Manifesto 1991 by Christopher Alexander -- excerpts, reading this is strongly recommended for peeragogues, paragogues, makers, leaders.

+Howard Rheingold +Charlotte Pierce +Fabrizio Terzi +Charles Danoff +Régis Barondeau +Samuel Rose +John Graves 

#dogme #patterns #architecture #paragogy  

In scientific terms, we may broadly describe the present view of architecture, which has held sway in one form or another since 1920, as "the mainstream theory of architecture."

During the last 15 years, a wide variety of attacks have been made on this theory, and the theory has been shown to be seriously defective in many important areas. It is now reasonable to say that the mainstream theory is on the verge of collapse. In order to understand this fact, it is merely necessary to make a catalog of the broad issues that the theory fails to address:

1. The definition of quality that is used as the basis for judgment according to "the theory" is not understood or accepted by the majority of people in society, but is esoteric and exclusive, thus separating the buildings made in the mainstream theory from any normal mainstream of society.

2. Incredibly, the theory has no substantial connection with the actual work or process of construction.

3. The theory does not deal with Third World building, low- cost housing, or community affairs.

4. Even in the United States, the theory deals with only a tiny fraction of the buildings that are built.

5. The theory does not deal with ecological problems.

6. The theory does not deal with or incorporate a wide range of facts now known about the relation between human behavior and the environment.

7. The theory does not deal with money or cost in a reasonable fashion.

8. The theory has no substantive or clear empirical relationship with human feeling.

9. The theory has failed to give any general coherent explanation of the values necessary for building well.

10. The theory has not produced buildings that ordinary people like. On the contrary, it has mainly produced buildings that people see as ugly and unsuitable.

11. The theory has not provided any moral leadership that can establish the value inherent in the built world.

A Hippocratic Oath for Architects

Since the moral purpose of our work as architects and builders has become so unclear I have tried, for the purposes of this manifesto, to capture the essential points in a kind of Hippocratic oath, principles of action that any reasonable architect might be willing to adopt.

1.  No matter how big the building is, the architect does some craft work on every building, with his (or her) own hands.

2.  The architect controls the flow of money completely: both its distribution at the outset, and the ongoing flow throughout the process.

3. The architect assumes legal responsibility for the actual construction.

4. The architect ensures that the building is designed on the site and is checked an understood by all relevant people -- clients and nearby community -- while it is being formed.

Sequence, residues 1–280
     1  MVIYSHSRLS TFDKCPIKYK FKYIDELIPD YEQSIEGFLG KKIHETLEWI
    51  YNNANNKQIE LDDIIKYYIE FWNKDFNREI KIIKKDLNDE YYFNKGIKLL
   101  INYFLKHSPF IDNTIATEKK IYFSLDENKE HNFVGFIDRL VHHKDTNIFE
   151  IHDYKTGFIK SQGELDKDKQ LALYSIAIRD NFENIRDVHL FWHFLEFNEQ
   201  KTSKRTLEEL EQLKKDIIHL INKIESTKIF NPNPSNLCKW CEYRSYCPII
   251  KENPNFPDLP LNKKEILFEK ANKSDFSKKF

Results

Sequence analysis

5.  The involvement of users in the process is necessary -- and widespread.

6.  The architect undertakes to work directly with subcontractors, and to take direct control over their activities.

7.  The architect is leader and artist -- but without pride.  He or she retains the right to refuse user requests, not based on the architect's ego, but in cases where his (her) grasp of the problem is demonstrably greater.

8.  Every architect must be able to work as an engineer at a modest level.  Engineering is part of architecture, and building is conceived while being engineered.

9.  The architect makes a profound commitment to find out -- and to perceive -- what the life of the site requires, and then to do just that thing that brings most life to the surroundings.  Thus to make each building small in importance in relation to the life of the surrounding world which it

10.  The architect must recognize that process, not design, is the crux, and that the beauty and functional harmony of the building comes from a thousand small steps, taken one at a time, while the building is being designed, through the use of models, and then while the building is actually being made.

11.  The architect must try to develop a conscious awareness that every part of the world -- air, stone, room, building --everything that is made in a building has its life, and that it is the extent of this life, judged in ordinary terms, that is the ultimate criterion for success or failure.

12.  The architect is committed to make only buildings that are deeply and genuinely liked.  Above all, a commitment by the architect to make only a work which he, or she, can genuinely love.

13.  The architect recognizes the importance of variety, and refuses to produce artificial or mechanical repetition, whether in components, or houses, or offices, or office furniture, or windows.

14.  The architect is committed to daily work and experimentation with techniques of making, forming, fabrication, and construction, with an understanding that new methods of building are essential to the creation of harmony and beauty.

15.  The architect will recognize that the life of the construction workers, and their spiritual evolution, is as important as that of the architects.  This is not only done for obvious moral reasons, but because of an understanding that the life of buildings will never be profound or worthwhile unless this goal is achieved.

16.  The architect acknowledges that all building is essentially a religious process.  This does not mean that it is attached to any one particular religion.  It means that the ultimate object of the work of building is to make a gift to God.  And that the ultimate purpose of the work is to reach a level of art in which the inner nature of things -- the universe -- and God -- stand revealed.
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